Feedstock-related shortages have led North American polypropylene makers to hike prices an average of 10 cents per pound since Oct. 1.
As the plastics and chemicals industry works to recover from the recent hurricanes, operating rates are improving, but uncertainty and several days of lost production still are keeping prices high.
Increases of 5-6 cents per pound for PP already had been announced for Oct. 1, but the hurricanes' impact led producers to increase that amount to 10-12 cents per pound. The increase went through at 10 cents to a majority of buyers contacted by Plastics News, although some reported seeing the 12 cent amount.
Major PP makers now are working on another increase of 7 cents per pound set for Nov. 1.
``Polypropylene isn't as tight as some other materials right now,'' said Pat Duke, a market analyst with the DeWitt & Co. consulting firm in Houston. ``But the market should still be generally tight through the end of the year.''
As of Oct. 10, the only Gulf Coast PP plant that remained out of commission was Basell Polyolefins' 1.2 billion-pound-capacity site in Lake Charles, La., according to a report from Chemical Market Associates Inc., a consulting firm in Houston. That plant represents about 6 percent of total North American market capacity. About 18 percent of North American capacity for propylene feedstock also remained down, the CMAI report said.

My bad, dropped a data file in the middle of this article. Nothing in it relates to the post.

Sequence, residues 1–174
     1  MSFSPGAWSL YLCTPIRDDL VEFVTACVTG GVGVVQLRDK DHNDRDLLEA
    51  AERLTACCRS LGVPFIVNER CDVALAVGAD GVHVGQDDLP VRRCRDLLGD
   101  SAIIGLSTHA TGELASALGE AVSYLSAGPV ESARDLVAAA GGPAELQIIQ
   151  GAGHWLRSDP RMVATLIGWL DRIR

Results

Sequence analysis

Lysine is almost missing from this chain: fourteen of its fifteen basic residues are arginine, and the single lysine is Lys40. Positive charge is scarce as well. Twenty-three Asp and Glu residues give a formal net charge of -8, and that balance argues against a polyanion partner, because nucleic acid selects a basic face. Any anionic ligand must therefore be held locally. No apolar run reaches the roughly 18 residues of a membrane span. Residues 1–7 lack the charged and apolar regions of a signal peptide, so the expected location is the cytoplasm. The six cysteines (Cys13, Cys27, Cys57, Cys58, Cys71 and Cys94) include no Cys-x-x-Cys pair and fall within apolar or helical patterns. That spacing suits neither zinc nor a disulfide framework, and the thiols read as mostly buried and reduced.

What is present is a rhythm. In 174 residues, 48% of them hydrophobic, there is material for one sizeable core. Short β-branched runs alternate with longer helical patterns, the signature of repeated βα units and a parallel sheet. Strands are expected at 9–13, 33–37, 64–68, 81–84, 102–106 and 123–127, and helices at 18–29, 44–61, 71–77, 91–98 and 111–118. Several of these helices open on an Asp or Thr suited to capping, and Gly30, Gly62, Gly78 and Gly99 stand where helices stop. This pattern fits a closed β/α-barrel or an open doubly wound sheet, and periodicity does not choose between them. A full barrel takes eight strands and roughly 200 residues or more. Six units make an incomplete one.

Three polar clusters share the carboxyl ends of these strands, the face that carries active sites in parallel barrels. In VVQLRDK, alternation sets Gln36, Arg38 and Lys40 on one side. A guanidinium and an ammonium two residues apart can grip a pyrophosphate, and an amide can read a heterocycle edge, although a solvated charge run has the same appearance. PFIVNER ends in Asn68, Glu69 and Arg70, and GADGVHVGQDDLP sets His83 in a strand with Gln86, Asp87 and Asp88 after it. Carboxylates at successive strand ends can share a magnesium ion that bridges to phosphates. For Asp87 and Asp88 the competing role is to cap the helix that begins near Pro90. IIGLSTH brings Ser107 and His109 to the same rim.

Industry sources said that PP makers Sunoco Inc. and Total Petrochemicals USA had returned customers to 100 percent of allocated orders. Other producers were meeting orders at levels as low as 50 percent.
Also, other commodity resin production slowly was returning to normal, said CMAI. About 9 percent of North American high density polyethylene production remained down, with about 20 percent of low density PE out and 8 percent of linear LDPE down. In PET, about 7 percent of capacity was out, isolated to Wellman Inc.'s plant in Bay St. Louis, Miss.
The situation remained a bit more extreme for feedstock needed to produce a variety of plastics. CMAI estimated that on Oct. 10 about 22 percent of ethylene was down, as was 29 percent of butadiene, 22 percent of benzene, 9 percent of styrene, 17 percent of paraxylene and 11 percent of vinyl chloride monomer.
The most drastic situation remained in nylon feedstock cyclohexane, where CMAI estimated almost 59 percent of North American capacity was nonoperational.